Carb Counts and Health Benefits of Raisins

Raisins, annotation

Verywell / Alexandra Shytsman  

Found in a variety of foods, raisins are one of the most popular and most commonly eaten dried fruits. Like all dried fruit, they're high in sugar simply because they're so concentrated. Think of the size of a grape, and then the size of the raisin it becomes when it's dried. It doesn't take many raisins for the sugar to add up fast, though they have quite a bit more fiber than grapes do, as well as other health benefits. If you want to include these little bursts of energy in a low-carb diet, make sure you keep your portions small.

Carbohydrate, Fiber, and Calorie Counts

According to the United States Department of Agriculture's National Nutrient Database for Standard Reference, the carbohydrates, fiber, and calories in different serving sizes of dark, seedless raisins include:

  • 1/4 cup (41.25 grams) raisins (packed): Nearly 33 grams effective (net) carbohydrates plus almost 2 grams of fiber and 123 calories.
  • 1 small box (43 grams) raisins (1 1/2 ounces): 34 grams effective (net) carbohydrates plus nearly 2 grams of fiber and 129 calories
  • 1 miniature box (14 grams) raisins (1/2 ounce): 11 grams effective (net) carbohydrates plus 0.6 grams of fiber and 42 calories.

Compare raisins with American-type grapes, which have almost 8 carbs, 0.4 grams of fiber, and 31 calories in a similar serving size of 1/2 cup (46 grams). Red and green grapes of the European type like Thompson seedless have nearly 23 carbs per Nutrition Labeling and Education Act (NLEA) serving (126 grams), with 1.1 grams of fiber and 87 calories.

In case you're wondering about the carb, calorie, and fiber counts in golden, seedless raisins, it's very similar to that of the dark, seedless raisins: Just over 33 grams effective (net) carbohydrates, 1.4 grams of fiber, and 124 calories in 1/4 cup (41.25 grams) of packed raisins.

With seeded raisins, you get a little bit more bang for your buck. They contain 32 grams of effective (net) carbohydrates), 2.8 grams of fiber, and 122 calories in 1/4 cup (41.25 grams) of packed raisins, so you're getting nearly twice the fiber as the seedless kind for around the same amount of carbs and calories.

Glycemic Index and Glycemic Load

While raisins are high in carbohydrates, their sugar is mostly fructose, which has a lower glycemic index. The glycemic index is a ranking of how much a food would raise your blood sugar compared with pure glucose, which has a ranking of 100. The actual amount any food raises your blood sugar has to do both with how glycemic it is and how much of it you eat. The glycemic load attempts to combine these concepts, and some diets use the glycemic load for this reason.

Here are the glycemic index and glycemic load values for raisins:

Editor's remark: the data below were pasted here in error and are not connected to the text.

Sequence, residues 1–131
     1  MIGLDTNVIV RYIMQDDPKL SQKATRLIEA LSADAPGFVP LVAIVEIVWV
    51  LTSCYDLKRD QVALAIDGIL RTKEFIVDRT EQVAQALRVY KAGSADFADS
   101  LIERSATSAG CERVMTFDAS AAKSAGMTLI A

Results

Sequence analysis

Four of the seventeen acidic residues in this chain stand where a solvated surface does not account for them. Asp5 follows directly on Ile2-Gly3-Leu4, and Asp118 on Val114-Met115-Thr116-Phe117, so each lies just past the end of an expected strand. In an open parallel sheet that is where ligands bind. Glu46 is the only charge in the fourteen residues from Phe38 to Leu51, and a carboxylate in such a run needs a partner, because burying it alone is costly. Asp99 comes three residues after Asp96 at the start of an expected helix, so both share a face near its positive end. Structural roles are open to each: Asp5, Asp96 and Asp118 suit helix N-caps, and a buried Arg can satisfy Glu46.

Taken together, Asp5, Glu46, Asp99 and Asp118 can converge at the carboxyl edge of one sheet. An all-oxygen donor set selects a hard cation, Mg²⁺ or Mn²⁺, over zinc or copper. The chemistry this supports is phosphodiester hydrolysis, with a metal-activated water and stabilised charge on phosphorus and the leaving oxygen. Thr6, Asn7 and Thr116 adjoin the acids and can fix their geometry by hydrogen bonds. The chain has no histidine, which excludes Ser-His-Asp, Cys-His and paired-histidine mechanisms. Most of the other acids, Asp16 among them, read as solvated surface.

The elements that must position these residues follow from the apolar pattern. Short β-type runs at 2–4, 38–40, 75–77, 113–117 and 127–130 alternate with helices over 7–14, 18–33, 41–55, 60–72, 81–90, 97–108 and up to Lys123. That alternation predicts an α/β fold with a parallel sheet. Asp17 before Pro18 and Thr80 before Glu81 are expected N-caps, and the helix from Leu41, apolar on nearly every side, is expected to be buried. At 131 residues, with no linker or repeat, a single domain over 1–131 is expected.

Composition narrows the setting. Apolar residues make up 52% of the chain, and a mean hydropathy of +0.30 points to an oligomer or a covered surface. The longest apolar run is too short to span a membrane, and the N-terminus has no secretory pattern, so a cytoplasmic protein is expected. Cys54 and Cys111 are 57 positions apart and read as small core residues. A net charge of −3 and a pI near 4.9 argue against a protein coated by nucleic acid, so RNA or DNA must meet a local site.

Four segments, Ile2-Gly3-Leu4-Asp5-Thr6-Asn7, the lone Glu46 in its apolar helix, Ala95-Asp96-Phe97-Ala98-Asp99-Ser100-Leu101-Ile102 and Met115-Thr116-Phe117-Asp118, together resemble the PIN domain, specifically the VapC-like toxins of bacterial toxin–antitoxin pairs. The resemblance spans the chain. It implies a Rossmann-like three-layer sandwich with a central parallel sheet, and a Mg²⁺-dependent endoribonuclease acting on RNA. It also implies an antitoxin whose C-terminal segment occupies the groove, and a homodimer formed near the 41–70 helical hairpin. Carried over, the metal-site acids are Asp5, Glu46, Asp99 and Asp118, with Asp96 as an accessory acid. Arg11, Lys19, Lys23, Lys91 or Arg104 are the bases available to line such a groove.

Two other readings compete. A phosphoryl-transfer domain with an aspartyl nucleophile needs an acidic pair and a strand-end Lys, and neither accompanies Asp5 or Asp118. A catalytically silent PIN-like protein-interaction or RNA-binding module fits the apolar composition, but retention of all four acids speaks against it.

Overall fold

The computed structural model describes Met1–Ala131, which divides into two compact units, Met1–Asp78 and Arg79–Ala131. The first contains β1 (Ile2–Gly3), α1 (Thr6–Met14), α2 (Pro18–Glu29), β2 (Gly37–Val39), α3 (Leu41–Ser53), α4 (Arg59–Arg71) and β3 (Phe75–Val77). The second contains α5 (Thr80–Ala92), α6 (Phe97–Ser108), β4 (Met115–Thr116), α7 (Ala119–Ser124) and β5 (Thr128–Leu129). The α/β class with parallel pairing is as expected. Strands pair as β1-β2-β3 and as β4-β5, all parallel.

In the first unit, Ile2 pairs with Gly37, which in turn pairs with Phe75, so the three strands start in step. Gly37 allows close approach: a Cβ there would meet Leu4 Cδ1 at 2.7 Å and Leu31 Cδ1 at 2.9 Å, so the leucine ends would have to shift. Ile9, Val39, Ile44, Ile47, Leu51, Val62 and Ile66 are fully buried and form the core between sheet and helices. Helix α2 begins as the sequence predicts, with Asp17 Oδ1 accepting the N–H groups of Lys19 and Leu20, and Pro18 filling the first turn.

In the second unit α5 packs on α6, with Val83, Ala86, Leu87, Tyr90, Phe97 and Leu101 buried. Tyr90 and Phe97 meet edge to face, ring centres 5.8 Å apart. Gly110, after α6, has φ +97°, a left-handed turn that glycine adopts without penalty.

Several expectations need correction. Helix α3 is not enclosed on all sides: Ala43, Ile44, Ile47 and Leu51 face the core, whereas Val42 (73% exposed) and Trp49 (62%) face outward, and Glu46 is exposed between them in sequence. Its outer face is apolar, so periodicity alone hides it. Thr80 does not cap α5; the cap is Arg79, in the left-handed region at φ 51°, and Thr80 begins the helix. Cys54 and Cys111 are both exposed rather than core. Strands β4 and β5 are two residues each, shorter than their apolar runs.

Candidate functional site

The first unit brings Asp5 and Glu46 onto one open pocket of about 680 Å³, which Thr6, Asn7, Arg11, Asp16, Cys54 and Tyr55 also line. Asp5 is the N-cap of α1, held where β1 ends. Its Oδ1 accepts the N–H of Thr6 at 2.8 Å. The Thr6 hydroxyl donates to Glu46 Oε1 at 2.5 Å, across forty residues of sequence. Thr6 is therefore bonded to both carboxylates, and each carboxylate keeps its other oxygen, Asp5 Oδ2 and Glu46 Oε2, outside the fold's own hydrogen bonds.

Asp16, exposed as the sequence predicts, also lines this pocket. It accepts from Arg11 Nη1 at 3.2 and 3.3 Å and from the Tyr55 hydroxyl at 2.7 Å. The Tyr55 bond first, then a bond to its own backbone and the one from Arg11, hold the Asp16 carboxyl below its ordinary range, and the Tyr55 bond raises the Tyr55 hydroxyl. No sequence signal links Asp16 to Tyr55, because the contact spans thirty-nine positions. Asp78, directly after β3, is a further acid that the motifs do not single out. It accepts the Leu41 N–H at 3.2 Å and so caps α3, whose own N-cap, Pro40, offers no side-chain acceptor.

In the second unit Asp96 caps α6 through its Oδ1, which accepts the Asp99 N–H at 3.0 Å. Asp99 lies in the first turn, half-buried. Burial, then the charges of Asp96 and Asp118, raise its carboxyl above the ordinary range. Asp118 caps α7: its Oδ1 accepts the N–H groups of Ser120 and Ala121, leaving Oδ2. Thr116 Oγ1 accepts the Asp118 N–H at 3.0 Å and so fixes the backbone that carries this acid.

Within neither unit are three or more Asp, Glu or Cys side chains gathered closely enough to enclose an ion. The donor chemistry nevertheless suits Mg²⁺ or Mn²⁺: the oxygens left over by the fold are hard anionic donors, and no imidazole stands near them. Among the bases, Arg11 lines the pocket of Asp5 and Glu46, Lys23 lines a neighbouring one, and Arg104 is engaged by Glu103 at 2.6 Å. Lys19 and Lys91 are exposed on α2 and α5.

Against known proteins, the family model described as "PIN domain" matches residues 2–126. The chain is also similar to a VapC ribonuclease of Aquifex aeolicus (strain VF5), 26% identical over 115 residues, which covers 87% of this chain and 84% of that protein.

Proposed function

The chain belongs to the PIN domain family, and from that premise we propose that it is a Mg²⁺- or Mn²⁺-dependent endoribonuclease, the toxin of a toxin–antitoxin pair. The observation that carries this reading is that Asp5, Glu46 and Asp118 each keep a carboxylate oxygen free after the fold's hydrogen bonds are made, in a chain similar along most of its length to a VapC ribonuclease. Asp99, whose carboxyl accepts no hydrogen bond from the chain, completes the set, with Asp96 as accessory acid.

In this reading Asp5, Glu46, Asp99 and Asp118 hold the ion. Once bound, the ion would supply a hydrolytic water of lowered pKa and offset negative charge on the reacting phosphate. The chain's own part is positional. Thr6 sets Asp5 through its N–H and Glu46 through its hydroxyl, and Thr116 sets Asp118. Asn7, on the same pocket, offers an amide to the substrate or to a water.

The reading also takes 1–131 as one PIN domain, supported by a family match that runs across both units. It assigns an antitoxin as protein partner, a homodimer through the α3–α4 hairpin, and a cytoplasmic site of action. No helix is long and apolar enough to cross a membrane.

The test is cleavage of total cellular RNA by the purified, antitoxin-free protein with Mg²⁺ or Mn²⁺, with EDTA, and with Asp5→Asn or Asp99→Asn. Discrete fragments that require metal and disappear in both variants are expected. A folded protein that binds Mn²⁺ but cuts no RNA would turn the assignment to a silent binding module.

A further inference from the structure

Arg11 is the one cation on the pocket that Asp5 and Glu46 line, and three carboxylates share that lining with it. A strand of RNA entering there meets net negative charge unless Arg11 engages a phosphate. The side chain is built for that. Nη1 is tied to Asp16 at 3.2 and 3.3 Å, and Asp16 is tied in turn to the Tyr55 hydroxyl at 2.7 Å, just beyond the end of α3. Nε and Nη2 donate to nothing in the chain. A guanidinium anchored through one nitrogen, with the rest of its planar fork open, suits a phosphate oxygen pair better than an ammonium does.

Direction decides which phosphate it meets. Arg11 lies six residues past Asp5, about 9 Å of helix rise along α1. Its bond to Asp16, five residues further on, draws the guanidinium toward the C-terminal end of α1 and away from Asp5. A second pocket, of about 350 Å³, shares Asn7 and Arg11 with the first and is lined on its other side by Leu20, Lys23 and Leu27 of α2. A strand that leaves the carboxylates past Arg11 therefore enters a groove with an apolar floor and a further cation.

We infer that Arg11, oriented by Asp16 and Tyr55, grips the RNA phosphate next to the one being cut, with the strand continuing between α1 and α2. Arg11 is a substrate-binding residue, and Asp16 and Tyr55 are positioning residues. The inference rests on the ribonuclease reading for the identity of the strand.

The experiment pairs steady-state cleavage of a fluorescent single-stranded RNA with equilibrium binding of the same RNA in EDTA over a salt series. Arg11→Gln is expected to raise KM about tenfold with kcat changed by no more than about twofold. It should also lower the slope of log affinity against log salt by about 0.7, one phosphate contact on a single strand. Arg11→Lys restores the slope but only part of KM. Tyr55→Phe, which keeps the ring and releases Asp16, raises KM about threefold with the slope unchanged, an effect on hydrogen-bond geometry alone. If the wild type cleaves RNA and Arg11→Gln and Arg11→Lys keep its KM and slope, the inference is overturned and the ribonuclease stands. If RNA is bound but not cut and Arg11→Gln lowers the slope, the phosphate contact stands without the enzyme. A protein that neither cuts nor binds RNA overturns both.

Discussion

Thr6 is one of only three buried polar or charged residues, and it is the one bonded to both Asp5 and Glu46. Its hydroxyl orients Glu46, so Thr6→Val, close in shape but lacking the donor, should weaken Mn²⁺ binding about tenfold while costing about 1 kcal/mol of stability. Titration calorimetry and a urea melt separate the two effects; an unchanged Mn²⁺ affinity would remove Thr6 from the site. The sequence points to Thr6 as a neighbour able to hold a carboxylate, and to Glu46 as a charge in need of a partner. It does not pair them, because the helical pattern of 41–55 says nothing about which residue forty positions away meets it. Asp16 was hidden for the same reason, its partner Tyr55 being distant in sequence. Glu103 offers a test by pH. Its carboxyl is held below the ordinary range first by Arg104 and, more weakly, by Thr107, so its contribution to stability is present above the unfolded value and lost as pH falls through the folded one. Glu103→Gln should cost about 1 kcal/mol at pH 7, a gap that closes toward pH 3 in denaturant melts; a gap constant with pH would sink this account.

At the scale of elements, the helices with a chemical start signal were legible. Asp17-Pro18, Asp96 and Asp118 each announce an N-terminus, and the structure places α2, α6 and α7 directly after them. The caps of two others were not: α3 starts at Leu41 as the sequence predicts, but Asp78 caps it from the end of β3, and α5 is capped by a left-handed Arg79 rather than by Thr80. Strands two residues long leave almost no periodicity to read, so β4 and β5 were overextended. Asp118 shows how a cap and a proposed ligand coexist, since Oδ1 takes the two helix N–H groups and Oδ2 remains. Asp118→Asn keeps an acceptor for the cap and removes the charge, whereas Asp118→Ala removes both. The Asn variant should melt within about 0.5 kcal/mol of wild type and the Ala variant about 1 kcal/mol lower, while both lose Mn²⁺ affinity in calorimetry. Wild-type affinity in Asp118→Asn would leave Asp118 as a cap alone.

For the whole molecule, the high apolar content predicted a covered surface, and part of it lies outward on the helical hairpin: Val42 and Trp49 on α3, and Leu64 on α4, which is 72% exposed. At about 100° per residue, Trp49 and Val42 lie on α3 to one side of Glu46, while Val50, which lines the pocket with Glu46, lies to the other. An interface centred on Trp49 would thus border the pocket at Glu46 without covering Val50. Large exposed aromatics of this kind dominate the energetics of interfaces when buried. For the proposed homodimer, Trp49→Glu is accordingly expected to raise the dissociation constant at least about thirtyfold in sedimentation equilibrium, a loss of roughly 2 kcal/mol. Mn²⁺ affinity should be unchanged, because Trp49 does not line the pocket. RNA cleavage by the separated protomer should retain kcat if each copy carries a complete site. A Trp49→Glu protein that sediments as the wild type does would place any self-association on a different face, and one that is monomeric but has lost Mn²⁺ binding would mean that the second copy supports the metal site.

Glycemic Index

  • One study of raisins showed an average glycemic index of 64. This would place raisins above the low GI range (0 to 55).
  • Two other studies found an average GI of 49. Sedentary people and those with prediabetes showed this lower response, while aerobically trained individuals showed a GI of 55. These values place raisins in the low to moderate glycemic index range.

Glycemic Load

  • 1/4 cup seedless raisins (packed): 19
  • 1 small box raisins (1 1/2 ounces): 20
  • 1 miniature box raisins (1/2 ounce): 6
  • 60 grams: 10

Health Benefits

Although grapes lose some of their nutrients during the drying process, raisins are a good source of antioxidant chemicals, including polyphenols and phenolic acids. They are high in dietary fiber and prebiotics such as insulin. Eating raisins has also been shown to potentially lower your risk for heart disease and help improve blood glucose control in people with diabetes.

A small box of raisins provides 9 percent of your daily needs for potassium and has small amounts of iron, vitamin B-6, magnesium, and calcium. They are an inexpensive and shelf-stable way to include fruit and fiber in your diet.

A 2017 study looked at raisin eaters from the 2001-2012 National Health and Nutrition Examination Survey to see how eating raisins affected diet quality, weight, and the intake of other nutrients. Those who consumed raisins had a higher quality diet overall, eating more fresh fruits, vegetables, and whole grains than those who didn't eat raisins. The raisin eaters also had lower body weight, lower body mass index (BMI), a lower waist circumference, and were 39 percent less likely to be obese or overweight and had 54 percent less of a risk of metabolic syndrome than those who didn't eat raisins.

Low-Carb Raisin Recipes

If you're looking for some low-carb ways to incorporate raisins into your diet, here are a couple recipes to try:

  • Low-carb trail mix recipeSomething to keep in mind is that all trail mixes are high in calories because that's what they're meant for—a quick burst of energy on a backpacking trip or after another physical activity. If you're going to keep this as an emergency snack in your purse or at your desk, bear in mind that a little goes a long way.
  • Low-carb broccoli salad with turkey bacon recipeHere's the same salty-sweet flavor combination of the classic cold broccoli salad without all the sugar, especially if you use currants in place of the raisins.
Was this page helpful?

Article Sources

Verywell Fit uses only high-quality sources, including peer-reviewed studies, to support the facts within our articles. Read our editorial policy to learn more about how we fact-check and keep our content accurate, reliable, and trustworthy.